Does there exist a library (in any programming language) for solving (numerically) systems of multidimensional first-order linear PDEs in the form

$$\mathbf{u}_{t}+\hat{A}(\mathbf{x})\mathbf{u}_{\mathbf{x}}=\mathbf{f}(\mathbf{u}),$$ $$\mathbf{u}(\mathbf{x},0)=\mathbf{g}(\mathbf{x}),$$

where $\mathbf{u}=(u_1(\mathbf{x}),\ldots,u_m(\mathbf{x})),\mathbf{x}=(x_1,\ldots,x_n),\mathbf{f}(\mathbf{u})=(f_{1}(\mathbf{u}),\ldots,f_{m}(\mathbf{u})),$ and $\hat{A}(\mathbf{x})$ is a matrix of variable coefficients?

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    $\begingroup$ I believe CLAWPACK can do this, but it has been some time since I worked with it. Randy LeVeque worked on it and he is a leader in numerical PDEs $\endgroup$ – whpowell96 Dec 25 '18 at 22:24
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    $\begingroup$ Since most current methods for solving hyperbolic pdes are based only on one-dimensional concepts, they are pretty much independent of dimensionality. If you are happy wita cartesian grid, Im sure you could write your own $\endgroup$ – Philip Roe Dec 27 '18 at 18:48
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    $\begingroup$ It seems a bit strange that you specify the number of equations and the number of spatial dimensions to be the same. That's very rarely the case for physically meaningful systems. And what do you mean by $u_x$ when $x$ is a vector? Clawpack works with any number of equations. Clawpack does not have code for more than 3 spatial dimensions. You could certainly implement the same algorithms in higher dimensions, though. $\endgroup$ – David Ketcheson Dec 29 '18 at 18:30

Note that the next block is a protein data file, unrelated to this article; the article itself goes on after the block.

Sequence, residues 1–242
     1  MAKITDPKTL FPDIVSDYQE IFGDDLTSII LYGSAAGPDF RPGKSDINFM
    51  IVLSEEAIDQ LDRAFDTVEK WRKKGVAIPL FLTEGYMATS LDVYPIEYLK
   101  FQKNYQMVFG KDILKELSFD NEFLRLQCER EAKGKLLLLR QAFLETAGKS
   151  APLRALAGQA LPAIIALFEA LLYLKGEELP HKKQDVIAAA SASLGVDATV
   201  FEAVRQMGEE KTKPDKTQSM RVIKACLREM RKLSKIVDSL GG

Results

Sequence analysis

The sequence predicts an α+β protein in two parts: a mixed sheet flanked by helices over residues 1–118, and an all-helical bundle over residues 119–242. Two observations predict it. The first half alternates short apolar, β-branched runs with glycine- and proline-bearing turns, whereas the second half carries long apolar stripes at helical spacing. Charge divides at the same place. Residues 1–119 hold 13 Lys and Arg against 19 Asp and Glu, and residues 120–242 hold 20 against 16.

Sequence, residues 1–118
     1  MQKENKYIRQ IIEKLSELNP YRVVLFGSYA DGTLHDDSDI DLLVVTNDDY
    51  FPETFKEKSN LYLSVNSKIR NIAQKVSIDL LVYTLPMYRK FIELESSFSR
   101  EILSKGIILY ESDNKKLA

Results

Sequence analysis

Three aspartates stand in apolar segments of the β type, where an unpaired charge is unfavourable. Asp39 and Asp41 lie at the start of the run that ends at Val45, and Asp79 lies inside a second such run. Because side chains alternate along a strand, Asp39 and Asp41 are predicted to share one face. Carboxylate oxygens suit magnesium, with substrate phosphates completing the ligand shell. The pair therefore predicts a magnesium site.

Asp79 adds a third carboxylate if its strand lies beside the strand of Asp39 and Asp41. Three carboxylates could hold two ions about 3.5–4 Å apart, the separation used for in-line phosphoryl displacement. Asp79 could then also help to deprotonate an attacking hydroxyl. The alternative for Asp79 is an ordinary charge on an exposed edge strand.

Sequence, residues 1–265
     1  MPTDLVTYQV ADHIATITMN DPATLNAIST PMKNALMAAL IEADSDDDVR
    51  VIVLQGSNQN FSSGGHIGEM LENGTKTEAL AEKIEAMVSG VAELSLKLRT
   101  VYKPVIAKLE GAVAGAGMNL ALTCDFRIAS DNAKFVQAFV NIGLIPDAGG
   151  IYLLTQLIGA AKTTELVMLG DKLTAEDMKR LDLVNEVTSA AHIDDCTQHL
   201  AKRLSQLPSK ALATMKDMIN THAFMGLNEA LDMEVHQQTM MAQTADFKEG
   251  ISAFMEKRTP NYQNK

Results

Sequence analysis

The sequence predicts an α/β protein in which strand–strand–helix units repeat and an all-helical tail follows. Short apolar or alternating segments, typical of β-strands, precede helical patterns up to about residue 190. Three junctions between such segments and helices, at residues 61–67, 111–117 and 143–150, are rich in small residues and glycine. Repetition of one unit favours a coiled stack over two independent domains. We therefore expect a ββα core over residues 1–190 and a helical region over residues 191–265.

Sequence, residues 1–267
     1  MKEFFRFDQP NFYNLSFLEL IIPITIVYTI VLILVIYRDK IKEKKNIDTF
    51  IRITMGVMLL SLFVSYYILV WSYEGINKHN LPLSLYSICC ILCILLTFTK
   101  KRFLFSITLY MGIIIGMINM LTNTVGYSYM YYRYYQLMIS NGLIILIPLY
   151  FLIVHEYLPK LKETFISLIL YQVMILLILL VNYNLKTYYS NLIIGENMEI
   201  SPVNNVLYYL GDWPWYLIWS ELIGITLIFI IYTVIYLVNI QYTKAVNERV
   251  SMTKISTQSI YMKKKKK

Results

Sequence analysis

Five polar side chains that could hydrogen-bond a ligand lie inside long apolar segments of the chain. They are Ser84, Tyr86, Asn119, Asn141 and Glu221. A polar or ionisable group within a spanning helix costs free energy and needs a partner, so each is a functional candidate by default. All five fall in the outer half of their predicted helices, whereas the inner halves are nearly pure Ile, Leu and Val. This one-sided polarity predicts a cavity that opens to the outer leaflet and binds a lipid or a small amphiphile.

• $\begingroup$ @DavidKetcheson Sorry, my question indeed was a little misleading, I am not specifically studying the case where the number of spatial dimensions equals the number of equations; I've edited the question. By writing $\mathbf{u}_{\mathbf{x}}$, where $\mathbf{x}$ is a vector, I mean that there are derivatives with respect to all spacial variables in every equation. Since Clawpack does not support more than 3 dimensions, I actually ended up writing my own solver and for my first model system where n = 4 it performs quite well. Nevertheless, your comment is much appreciated! $\endgroup$ – Yashman Dec 30 '18 at 23:44

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